The results clearly show that the circulating virus in Saudi Arabia is centred around Riyadh, with sporadic excursions to other centres, although additional virus genomes will need to be analysed to more firmly establish the locations involved.
The researchers' analysis of how quickly the virus has evolved, and how it has transmitted between locations and patients, suggests that a single transmission from animal to human is unlikely. Instead, it appears that the virus has transmitted from an animal reservoir to humans on several occasions, as well as transmitting between humans.
Diverse genetic variants of the virus have appeared in Riyadh, and this high local diversity might indicate that the virus is being transmitted from an animal reservoir which is being continuously imported from other regions. Alternatively, it may be down to the fact that Riyadh is the region's largest population centre, and therefore the largest target for human-to-human transmission of the virus.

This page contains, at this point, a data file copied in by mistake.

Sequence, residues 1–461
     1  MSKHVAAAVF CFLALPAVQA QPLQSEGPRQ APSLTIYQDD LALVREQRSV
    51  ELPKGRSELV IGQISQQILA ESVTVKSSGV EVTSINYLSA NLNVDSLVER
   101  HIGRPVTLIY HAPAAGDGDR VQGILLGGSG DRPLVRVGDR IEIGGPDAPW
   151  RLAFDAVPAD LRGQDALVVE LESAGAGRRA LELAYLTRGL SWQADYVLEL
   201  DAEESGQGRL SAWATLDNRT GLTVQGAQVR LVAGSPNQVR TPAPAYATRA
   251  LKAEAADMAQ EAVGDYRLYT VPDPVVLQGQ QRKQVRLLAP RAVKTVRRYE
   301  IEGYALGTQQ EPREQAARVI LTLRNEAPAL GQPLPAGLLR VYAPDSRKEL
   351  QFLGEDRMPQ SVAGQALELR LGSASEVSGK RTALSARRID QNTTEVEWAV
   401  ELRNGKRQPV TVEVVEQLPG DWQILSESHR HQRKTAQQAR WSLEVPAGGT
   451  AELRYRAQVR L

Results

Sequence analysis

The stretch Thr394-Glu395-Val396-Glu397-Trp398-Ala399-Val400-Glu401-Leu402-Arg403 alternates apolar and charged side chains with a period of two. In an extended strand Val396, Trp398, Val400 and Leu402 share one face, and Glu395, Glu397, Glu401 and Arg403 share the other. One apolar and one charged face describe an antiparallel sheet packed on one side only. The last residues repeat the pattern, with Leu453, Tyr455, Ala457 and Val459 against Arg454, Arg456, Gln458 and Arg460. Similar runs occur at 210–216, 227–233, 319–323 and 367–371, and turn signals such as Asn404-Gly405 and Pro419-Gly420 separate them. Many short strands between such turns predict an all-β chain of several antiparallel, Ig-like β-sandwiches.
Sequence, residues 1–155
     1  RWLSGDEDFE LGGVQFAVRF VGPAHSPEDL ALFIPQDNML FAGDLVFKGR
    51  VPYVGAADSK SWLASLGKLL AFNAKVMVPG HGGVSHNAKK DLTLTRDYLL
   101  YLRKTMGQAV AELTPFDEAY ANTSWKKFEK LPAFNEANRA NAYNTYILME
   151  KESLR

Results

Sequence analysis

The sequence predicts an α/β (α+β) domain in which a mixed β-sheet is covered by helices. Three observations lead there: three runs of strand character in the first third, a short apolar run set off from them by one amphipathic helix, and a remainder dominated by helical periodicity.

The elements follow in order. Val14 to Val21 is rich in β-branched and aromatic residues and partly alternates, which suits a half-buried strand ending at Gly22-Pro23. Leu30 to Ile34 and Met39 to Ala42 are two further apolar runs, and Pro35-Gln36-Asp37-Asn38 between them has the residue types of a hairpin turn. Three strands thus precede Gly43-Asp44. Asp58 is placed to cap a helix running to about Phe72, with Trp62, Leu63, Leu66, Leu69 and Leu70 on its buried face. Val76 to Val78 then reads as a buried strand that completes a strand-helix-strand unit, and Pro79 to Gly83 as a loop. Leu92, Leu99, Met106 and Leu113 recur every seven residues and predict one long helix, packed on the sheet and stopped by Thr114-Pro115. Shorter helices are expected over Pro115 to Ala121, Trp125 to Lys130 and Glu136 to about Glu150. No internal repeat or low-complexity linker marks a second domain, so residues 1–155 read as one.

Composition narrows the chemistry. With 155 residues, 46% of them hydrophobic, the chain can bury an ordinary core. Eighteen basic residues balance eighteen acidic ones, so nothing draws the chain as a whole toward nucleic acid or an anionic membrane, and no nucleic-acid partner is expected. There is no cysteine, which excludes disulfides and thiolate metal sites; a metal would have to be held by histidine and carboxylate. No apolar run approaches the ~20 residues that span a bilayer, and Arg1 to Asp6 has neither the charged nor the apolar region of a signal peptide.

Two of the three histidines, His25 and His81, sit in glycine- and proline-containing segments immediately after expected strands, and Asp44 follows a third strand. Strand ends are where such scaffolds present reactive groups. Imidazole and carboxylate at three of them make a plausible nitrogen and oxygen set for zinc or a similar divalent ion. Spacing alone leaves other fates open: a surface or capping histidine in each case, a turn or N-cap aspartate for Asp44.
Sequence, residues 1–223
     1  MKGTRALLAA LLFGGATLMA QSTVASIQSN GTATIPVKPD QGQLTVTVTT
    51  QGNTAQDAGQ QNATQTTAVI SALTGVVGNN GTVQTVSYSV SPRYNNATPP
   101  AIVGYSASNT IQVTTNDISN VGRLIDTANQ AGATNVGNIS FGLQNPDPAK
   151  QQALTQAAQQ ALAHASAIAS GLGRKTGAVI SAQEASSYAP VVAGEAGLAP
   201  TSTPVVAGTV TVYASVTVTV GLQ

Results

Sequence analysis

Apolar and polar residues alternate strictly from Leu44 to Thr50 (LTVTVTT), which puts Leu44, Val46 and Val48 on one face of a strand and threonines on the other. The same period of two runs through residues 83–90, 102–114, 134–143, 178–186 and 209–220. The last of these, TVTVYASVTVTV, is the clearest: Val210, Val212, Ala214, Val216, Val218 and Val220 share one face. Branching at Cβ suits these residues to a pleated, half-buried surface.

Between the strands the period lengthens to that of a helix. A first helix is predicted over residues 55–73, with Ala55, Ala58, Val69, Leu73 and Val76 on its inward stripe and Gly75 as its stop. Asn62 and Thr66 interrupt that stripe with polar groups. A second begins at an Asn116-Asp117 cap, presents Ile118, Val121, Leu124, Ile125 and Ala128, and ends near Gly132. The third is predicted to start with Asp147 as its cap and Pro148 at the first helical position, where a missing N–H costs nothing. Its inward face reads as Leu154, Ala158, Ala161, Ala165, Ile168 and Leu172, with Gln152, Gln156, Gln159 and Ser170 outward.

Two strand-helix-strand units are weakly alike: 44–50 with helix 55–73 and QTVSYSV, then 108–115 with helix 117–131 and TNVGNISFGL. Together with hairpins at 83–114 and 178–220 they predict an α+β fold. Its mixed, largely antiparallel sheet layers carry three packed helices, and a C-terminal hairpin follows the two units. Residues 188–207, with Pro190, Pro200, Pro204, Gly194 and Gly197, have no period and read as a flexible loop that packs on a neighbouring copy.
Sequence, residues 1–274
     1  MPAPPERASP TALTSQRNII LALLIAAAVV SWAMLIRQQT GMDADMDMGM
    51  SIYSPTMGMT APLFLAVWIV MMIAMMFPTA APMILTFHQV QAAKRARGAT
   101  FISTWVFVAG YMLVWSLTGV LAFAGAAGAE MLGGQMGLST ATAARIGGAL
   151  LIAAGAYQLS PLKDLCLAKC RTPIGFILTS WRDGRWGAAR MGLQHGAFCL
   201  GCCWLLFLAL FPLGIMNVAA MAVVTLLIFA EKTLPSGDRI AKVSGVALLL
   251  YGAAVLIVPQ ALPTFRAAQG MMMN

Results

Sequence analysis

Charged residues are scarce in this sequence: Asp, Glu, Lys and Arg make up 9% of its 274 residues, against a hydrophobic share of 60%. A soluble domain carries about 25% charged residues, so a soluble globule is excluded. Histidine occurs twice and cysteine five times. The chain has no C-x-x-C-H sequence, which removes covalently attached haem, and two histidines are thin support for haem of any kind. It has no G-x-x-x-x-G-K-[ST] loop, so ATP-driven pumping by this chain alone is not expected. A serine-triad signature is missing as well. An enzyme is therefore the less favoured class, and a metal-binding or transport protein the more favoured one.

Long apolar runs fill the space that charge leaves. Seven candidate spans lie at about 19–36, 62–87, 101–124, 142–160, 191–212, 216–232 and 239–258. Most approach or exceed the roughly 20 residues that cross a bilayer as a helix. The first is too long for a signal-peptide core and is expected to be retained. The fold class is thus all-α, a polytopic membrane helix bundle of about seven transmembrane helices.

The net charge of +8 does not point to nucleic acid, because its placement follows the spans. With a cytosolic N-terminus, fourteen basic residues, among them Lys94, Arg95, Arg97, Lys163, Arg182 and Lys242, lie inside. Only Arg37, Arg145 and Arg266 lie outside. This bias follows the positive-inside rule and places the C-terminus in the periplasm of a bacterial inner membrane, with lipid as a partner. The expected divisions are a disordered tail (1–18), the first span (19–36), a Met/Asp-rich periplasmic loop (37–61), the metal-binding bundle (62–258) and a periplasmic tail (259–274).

The results also show that considerable time has passed since the viruses analysed in this study shared a common ancestor, which lends support to the idea that MERS-CoV might be being transmitted to humans by an intermediary animal host. While an ancestor of the virus has been found in bats, and signs of the virus have been found in dromedary camels, no animal reservoir for the virus has yet been definitively identified, and the authors reiterate an urgent need for further animal studies in the region to better establish where the virus is coming from.